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Hand Biomechanics Literature Review

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Topical Journals[edit | edit source]

  1. Journal of Hand Therapy

Hand Biomechanics[edit | edit source]

Hand Writings

Chinchalkar S. Biomechanics of the Small Finger MCP Joint Following an Extension Loss at the PIP Joint. Hand Writings-Newsletter of the New Jersey Chapter of the American Society of Hand Therapists. Jan 2000; Volume 5.No 1

Little finger is subject to repeat injury because of its location and use of the hand in everyday tasks. Loss of extension at the second knuckle, proximal inter-phalangeal joint (PIP) results in greater extension force at the metacarpal phalangeal (MCP) joint, leading to hyperextension and rotational deformity of the small finger. Hyperextension of MCP joint results when extension of the PIP joint is constrained by a flexion contractureW or tensor lag. Further, the MCP joint is abducted, rotated and hyperextended by the action of the abductor digiti minimi. Treatment includes splinting, exercises and the application of a dorsal MCP blocking splint, used 24 hours a day until PIP extension is possible, then intermittently for 4-6 weeks.

The splint prevents the loss of function of the saggital bands. When the extensor digitorum communis meets the resistance of the splint an equivalent force is transmitted to the PIP joint. A moment is created at the MCP joint which increases the tension in the digitorum communis. The additional force created at the PIP joint by the dorsal MCP blocking splint gradually corrects the problem.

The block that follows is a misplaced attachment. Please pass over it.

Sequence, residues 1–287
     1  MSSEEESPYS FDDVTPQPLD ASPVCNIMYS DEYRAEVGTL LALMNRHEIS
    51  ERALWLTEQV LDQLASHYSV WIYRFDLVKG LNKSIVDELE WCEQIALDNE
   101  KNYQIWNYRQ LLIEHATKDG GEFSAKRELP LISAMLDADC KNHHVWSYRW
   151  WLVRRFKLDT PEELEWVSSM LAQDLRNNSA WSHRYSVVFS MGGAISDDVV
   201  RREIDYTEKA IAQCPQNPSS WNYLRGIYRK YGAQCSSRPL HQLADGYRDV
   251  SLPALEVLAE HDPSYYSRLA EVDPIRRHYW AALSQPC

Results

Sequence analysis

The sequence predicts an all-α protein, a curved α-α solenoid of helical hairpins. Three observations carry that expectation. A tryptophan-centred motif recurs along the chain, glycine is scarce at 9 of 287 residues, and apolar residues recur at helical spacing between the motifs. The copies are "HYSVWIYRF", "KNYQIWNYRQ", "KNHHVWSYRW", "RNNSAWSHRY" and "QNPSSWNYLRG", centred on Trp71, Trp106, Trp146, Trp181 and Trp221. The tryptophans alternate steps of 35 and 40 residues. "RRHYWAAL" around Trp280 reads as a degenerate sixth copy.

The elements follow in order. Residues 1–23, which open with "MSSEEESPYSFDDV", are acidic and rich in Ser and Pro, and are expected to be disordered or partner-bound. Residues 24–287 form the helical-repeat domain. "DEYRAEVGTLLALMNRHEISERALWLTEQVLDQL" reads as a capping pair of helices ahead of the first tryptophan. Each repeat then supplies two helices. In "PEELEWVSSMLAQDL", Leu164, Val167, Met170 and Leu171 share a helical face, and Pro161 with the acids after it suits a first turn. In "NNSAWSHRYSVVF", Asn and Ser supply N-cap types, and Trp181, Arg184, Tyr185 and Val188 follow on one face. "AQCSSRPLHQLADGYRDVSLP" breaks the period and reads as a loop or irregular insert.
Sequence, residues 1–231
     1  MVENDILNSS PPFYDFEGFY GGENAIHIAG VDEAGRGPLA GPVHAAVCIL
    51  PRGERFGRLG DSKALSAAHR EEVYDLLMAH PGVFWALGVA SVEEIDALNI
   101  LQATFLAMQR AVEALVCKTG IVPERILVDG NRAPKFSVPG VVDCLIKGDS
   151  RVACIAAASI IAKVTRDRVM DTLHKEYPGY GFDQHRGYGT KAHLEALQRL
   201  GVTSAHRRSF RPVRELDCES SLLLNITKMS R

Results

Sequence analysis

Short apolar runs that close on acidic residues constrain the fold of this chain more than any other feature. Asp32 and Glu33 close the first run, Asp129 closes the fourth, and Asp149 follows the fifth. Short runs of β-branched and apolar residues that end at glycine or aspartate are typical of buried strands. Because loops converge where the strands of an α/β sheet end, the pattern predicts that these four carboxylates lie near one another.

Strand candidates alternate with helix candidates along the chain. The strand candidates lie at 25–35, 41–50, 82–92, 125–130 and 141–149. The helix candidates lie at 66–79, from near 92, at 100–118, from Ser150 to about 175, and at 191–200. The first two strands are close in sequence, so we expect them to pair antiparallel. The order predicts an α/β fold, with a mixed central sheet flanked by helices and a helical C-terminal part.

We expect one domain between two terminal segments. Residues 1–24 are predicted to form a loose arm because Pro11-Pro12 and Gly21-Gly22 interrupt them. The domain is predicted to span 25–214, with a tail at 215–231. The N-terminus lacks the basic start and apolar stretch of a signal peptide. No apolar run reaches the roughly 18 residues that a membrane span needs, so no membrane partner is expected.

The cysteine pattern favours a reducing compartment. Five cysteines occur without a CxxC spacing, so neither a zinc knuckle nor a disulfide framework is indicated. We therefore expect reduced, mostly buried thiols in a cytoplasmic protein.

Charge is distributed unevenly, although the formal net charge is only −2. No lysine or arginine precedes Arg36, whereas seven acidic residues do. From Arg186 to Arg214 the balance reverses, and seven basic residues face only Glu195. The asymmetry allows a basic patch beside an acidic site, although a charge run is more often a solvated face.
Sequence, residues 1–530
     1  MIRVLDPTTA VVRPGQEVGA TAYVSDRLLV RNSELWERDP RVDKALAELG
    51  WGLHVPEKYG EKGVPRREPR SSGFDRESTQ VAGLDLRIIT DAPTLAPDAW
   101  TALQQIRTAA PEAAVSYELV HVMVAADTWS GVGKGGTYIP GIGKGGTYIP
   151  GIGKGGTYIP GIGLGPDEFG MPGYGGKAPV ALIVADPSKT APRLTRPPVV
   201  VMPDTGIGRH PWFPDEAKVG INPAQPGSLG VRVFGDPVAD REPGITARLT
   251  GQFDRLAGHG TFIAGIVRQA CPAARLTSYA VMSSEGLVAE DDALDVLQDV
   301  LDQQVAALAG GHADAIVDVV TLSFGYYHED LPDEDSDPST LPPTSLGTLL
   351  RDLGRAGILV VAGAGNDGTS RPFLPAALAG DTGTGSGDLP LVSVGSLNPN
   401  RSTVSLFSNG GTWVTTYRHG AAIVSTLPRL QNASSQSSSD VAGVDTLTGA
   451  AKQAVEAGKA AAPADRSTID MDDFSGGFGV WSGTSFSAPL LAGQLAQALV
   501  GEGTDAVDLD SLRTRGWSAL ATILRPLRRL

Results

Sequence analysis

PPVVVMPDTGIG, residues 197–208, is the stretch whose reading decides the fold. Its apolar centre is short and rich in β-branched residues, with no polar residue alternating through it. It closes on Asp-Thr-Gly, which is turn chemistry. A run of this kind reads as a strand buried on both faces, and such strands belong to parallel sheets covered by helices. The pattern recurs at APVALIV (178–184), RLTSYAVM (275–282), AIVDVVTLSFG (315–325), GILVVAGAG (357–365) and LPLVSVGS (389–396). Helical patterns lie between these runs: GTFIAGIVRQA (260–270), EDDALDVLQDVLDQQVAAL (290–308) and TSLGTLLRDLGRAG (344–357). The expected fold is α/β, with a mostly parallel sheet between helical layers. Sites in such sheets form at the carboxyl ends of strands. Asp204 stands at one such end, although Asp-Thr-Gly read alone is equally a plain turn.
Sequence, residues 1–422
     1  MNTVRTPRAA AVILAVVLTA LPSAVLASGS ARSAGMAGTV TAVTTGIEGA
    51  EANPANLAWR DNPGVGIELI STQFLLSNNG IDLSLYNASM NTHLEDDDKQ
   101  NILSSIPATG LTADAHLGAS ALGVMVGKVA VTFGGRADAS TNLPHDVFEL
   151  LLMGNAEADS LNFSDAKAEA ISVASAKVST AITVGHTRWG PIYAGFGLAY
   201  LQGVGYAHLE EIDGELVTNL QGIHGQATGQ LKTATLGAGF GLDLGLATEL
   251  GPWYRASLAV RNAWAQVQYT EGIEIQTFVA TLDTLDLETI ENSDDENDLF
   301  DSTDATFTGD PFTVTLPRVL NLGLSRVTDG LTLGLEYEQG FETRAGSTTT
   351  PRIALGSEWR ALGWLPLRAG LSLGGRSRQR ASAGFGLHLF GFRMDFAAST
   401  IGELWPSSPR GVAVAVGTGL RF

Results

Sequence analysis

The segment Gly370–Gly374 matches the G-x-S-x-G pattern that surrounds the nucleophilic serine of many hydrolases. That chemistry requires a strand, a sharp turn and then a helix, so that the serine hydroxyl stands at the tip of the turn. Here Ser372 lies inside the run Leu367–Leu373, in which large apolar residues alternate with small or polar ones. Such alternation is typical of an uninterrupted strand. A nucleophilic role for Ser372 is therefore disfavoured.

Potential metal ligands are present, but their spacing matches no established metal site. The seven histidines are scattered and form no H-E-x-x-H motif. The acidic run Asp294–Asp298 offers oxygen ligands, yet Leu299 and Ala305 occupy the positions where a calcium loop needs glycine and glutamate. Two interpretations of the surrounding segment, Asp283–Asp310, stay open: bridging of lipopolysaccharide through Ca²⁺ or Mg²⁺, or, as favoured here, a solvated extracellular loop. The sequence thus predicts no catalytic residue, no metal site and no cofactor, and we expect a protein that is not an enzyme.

Static Progressive versus Three-point Elbow Extension Splinting: A Mathematical Analysis

Chinchalkar S, Pearce J, Athwal G. Static Progressive versus Three-point Elbow Extension Splinting: A Mathematical Analysis. J HAND THER. 2009;22:37-43

The mathematical analysis of two different splinting techniques for the elbow is completed. Rotational and decompressive forces felt by the elbow are calculated based on elbow angle and the force applied by the splint. Good examples of force diagrams, and angle relationships. Additional diagrams in lab notebook.

Clinical Mechanics of the Hand Brand PW, Hollister AM. Clinical Mechanics of the Hand. 3rd ed. St. Louis, Missouri: Moshby, Inc; 1999.

  • MCP joints are two axis joints. One is responsible for flexion and extension, the other allows abduction when the fingers are flexed
  • Soft tissues within fingers modify, limit and transfer the effect of forces (bones transfer forces). If soft tissue is limited (unable to move or stretch), stiff joints that are hard to move result. Splints can be used to increase the range of motion, this is accomplished by creating a torque at the joint
  • Splints used when regular joint motion may be harmful (think in the case of the little finger, hyperextension at MCP joint inhibiting PIP joint extension)

Hand Splinting Principles and Methods Fess EE, Philips, CA. Hand Splinting – Principles and Methods. 2nd ed. St. Louis, Missouri: Mosby, Inc; 1987.

  • PIP joint flexion contracture occurs from direct injury to joint, or immobilization in flexed position